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    I admit it freely – when it comes to philosophy and morality, I make it up as I go along. I guess that’s the lot of the atheist. I have no sacred scrolls to rely upon to guide and determine my thoughts and actions, so I just try to act in the light of that old classic, the golden rule of doing unto others as I would have them do unto me (which was not invented by Jesus, Michael, before you start! :p). The Humanist notion of acknowledging the self reflected in the other is also a useful habit of thought and practice. Ultimately, if there is one guiding philosophy I do try to follow, it is the superficially simple and undemanding teaching which I got second- or thirdhand, many years ago; I once read a newspaper column by some intellectual grandee (so long ago I can’t even recall who it was) who mentioned that one of the teachers at his extremely expensive and prestigious private school had told him, in a quiet moment, to disregard all the Christian teaching he was receiving from the school. Quoting some ancient philosopher whom I have never been able to track down, the master told him that there are only two sins – cruelty and cowardice. As the columnist said, that sounds simplistic, but it is actually a demanding and elevating philosophy. Abide by the practice of avoiding cruelty and cowardice, and you will avoid harm to others and to yourself. The latter is an element that Christianity rather lacks, for me. The cringing self-abasement and self-denial of Christianity has never appealed to me.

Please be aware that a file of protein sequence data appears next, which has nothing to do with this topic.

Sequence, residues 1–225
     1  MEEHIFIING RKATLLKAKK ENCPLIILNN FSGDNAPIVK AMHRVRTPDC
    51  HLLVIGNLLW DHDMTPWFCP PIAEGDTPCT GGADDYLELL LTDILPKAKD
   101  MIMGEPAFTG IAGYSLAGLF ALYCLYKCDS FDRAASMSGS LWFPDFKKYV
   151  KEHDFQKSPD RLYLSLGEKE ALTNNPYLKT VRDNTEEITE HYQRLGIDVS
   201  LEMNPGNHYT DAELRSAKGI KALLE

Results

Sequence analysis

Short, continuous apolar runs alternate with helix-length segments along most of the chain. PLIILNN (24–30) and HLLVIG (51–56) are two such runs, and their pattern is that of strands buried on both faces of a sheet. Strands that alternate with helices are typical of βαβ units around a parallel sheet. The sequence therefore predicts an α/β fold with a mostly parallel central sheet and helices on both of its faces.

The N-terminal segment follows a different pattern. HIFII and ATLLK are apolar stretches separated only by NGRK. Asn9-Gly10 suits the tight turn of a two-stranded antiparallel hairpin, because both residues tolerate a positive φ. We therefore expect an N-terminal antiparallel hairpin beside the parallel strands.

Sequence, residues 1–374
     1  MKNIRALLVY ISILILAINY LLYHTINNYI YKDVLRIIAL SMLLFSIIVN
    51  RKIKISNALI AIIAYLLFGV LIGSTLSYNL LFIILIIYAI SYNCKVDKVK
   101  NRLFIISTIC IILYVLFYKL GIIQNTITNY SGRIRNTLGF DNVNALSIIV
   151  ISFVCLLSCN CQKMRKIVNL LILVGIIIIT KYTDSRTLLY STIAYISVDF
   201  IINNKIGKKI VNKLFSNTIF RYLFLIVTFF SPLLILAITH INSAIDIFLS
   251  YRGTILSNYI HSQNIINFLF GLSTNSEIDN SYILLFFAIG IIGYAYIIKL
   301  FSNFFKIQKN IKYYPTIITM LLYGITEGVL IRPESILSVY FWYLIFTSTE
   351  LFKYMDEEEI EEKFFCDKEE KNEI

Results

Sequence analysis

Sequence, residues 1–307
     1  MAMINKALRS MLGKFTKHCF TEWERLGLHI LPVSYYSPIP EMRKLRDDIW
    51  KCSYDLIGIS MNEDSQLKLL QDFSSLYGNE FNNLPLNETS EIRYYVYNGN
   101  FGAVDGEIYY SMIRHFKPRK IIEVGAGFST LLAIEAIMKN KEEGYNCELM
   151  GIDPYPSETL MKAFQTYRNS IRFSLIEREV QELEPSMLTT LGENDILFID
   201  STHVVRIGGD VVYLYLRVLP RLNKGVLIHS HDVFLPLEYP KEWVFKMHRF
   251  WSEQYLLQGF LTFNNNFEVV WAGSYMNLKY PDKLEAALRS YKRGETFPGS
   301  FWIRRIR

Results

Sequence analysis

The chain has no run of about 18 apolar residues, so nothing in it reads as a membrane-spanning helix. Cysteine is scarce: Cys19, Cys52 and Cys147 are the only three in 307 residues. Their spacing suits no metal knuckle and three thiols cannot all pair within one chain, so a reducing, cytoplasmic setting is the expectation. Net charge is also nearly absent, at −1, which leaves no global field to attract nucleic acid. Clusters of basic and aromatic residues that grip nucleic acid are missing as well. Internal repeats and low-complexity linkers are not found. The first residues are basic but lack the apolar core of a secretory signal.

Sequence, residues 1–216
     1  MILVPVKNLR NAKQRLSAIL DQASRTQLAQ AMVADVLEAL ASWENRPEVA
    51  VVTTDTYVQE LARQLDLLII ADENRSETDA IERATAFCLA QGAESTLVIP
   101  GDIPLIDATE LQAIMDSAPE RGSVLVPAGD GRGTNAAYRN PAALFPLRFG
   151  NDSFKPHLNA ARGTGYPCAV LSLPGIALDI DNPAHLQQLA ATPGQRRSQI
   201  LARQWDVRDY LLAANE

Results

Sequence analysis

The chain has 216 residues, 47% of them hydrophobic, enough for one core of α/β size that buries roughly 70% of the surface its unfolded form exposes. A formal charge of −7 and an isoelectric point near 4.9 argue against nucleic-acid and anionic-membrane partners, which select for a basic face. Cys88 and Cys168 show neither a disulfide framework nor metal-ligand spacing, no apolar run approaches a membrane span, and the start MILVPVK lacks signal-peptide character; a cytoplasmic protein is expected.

Gary, after a little thought, my response would be that I can't think of a society which would be organised for The Greater Good which wouldn't end up as a dystopian nightmare. Surely in no time at all, it would become all too easy for those in power to find ways to ensure that The Greater Good and their own ends overlapped more often than not. God knows we have that now, even with our commitment to individual liberties. (Posting from the UK, perhaps I should say former commitment...:rolleyes:) I rather think that for a society to work beneficially at all for the majority, it has to paradoxically focus on the rights of the individual.

    Rad - sterling posts, sir. Hats off.
     
  15. Andols

    Andols I like stories